Patricia McGuire
University president

Patricia McGuire

President of Trinity Washington University.

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Needing Santa

Q: What accounts for the fat guy's success as an enduring, worldwide symbol of the holiday? The quirky suit? The fawning elves? The antlered entourage? How often do unlikely figures catch fire and seize the popular imagination?

Mythology is a powerful force that enlivens the spirit, bedevils the psyche and shapes the culture. Ancient tribes had countless, colorful mythical creatures in their storytelling repertoires --- various winged creatures, unicorns and firebirds, god, goddesses and human figures with extraordinary powers. Religion and mythology long hovered around the gray and shifting lines of belief, superstition, mysticism and faith.

By contrast, modernity lays claim to a more scientific, less mythology-filled existence, with the consequence that many people frown on believing anything that they cannot see, even claiming to have little or no faith at all.

Fortunately, Santa Claus comes along once each year to leaven the otherwise-dreadfully unimaginative circumstances of modern life, so full of political posturing and economic woes and vague terrorist threats.

Adults say that they keep the Santa myth alive for the children, but, truth be told, adults really keep Santa alive for themselves. Santa Claus reminds adults of their simpler, more child-like selves, the kids who could believe in the myth, who could stare at the night sky in wonder, hoping that the big guy with the red-nosed reindeer might favor their chimneys with special largesse.

Santa Claus embodies a time past that never really happened quite that way in the lives of most adults. Yet, the memory of the myth is so powerful that people go to extraordinary lengths to try to re-create the dream in each annual holiday season -- the elaborate light displays against the winter darkness, the trees with cherished ornaments, the colorful wrapping that makes even the perennial gift of Old Spice something special -- like gold or frankincense or myrrh and not just shaving cream.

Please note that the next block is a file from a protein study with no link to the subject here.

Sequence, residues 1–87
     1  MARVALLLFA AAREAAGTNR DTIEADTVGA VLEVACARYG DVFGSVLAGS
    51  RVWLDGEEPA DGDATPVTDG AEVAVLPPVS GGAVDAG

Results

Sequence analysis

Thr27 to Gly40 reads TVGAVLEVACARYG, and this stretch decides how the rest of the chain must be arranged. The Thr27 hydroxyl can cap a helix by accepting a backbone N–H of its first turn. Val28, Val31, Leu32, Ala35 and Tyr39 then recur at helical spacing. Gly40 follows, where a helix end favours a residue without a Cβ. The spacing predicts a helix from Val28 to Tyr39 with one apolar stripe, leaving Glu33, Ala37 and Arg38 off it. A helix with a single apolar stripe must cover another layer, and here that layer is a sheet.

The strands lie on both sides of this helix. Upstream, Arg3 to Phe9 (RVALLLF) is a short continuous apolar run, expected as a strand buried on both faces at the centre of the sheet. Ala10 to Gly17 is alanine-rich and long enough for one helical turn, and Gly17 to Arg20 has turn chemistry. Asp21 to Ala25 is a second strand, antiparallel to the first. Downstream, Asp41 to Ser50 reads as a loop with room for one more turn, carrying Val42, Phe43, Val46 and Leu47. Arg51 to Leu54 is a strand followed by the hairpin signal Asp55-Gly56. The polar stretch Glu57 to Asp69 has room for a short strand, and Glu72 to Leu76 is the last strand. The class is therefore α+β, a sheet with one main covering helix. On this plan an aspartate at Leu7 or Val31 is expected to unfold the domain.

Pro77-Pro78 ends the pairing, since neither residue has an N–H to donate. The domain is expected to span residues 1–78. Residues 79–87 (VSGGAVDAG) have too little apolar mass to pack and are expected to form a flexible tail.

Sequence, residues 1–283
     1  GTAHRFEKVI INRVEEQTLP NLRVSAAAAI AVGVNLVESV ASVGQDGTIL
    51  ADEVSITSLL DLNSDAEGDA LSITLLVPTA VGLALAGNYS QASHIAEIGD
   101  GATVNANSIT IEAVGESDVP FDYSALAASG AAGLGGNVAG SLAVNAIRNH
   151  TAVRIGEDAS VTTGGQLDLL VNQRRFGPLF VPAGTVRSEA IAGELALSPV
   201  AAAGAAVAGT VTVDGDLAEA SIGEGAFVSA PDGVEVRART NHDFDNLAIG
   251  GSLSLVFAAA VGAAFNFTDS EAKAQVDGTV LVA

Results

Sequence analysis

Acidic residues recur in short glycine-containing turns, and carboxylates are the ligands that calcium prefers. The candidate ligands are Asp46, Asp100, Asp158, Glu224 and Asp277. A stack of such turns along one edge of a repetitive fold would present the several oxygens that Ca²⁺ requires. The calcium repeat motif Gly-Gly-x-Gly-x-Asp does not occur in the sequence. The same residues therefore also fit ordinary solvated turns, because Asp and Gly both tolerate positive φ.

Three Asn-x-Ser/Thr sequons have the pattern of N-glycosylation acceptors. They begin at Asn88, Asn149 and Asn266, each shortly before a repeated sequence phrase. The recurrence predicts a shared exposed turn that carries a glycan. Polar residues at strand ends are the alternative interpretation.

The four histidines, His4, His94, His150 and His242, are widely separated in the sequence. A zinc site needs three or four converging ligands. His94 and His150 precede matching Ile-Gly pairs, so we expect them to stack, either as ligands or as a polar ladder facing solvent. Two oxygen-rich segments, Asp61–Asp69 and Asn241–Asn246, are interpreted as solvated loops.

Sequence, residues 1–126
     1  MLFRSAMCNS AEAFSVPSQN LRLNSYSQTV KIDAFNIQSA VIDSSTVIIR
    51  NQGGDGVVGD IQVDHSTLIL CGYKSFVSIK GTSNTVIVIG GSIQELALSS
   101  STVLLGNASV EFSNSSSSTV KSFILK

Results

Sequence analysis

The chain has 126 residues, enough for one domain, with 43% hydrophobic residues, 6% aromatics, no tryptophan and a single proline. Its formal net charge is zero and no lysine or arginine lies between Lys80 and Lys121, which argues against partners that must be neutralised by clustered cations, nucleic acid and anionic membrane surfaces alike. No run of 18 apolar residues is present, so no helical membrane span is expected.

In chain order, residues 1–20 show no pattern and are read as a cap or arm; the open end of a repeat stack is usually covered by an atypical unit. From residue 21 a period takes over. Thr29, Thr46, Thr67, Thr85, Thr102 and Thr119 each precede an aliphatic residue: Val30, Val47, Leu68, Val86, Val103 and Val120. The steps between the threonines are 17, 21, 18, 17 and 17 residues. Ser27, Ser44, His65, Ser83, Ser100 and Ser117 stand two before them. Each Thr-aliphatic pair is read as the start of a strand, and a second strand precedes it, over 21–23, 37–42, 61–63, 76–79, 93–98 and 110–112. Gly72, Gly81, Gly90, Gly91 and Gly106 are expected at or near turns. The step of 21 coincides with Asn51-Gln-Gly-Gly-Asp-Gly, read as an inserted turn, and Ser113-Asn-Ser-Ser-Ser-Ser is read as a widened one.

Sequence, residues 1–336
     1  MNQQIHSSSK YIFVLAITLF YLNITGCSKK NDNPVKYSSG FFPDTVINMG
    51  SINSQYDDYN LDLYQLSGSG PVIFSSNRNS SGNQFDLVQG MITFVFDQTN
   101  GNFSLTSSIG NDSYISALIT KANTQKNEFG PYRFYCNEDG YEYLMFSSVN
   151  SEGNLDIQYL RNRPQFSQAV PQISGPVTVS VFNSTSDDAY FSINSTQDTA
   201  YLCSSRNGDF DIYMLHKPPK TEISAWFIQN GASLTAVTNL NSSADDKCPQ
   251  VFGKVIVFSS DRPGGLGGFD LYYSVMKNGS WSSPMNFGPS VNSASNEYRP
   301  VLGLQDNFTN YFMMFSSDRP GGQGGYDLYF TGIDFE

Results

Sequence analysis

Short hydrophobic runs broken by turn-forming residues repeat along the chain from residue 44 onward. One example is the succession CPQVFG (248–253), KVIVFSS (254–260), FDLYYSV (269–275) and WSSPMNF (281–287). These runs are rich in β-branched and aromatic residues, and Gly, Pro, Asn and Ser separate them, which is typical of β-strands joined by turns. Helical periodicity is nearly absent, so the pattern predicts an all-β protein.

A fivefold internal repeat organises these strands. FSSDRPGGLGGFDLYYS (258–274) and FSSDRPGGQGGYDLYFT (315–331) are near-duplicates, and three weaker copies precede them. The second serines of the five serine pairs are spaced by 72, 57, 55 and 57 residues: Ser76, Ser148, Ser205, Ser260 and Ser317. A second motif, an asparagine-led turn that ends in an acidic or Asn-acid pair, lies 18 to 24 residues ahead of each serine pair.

Santa Claus is, of course, a European and Christian mythology, but people of many different cultures and religions still indulge their children in the secular rituals of believing in, and even visiting with, the big guy in the red suit. Children may beg for face time with the white beard, but parents go along with the story line and play their parts very well. This is no cartoon character -- Santa is not SpongeBob SquarePants. Santa is not just another face in the crowd of crass commercial creations. Santa transcends the modern video culture to claim a space in the human imagination that excites children to be good, at least for a brief time, and inspires grown-ups to be loving and generous, at least in the moment.

I grew up in a big house with a lot of kids, a middle child, a girl among mostly boys. I remember the year I learned the truth about Santa -- something happened that led me to discover mom and dad wrapping the presents -- but they didn't see me, and I kept the secret to myself for a long time. Perhaps I was afraid that my little brothers would be disappointed if I told them; perhaps I was afraid that my big brother would tell on me.

But I think I was more focused on holding onto the dream for just a while longer -- wanting to keep believing in Santa is something that nearly every kid goes through. In fact, some of us never quite let go of Santa entirely, and that's not a bad thing. The capacity to believe in the potential for goodness is essential for hope, optimism, a sense of fulfillment and even peace.

Santa lives! You just have to believe.

By Patricia McGuire  |  December 21, 2009; 12:26 PM ET  | Category:  branding Save & Share:  Send E-mail   Facebook   Twitter   Digg   Yahoo Buzz   Del.icio.us   StumbleUpon   Technorati  
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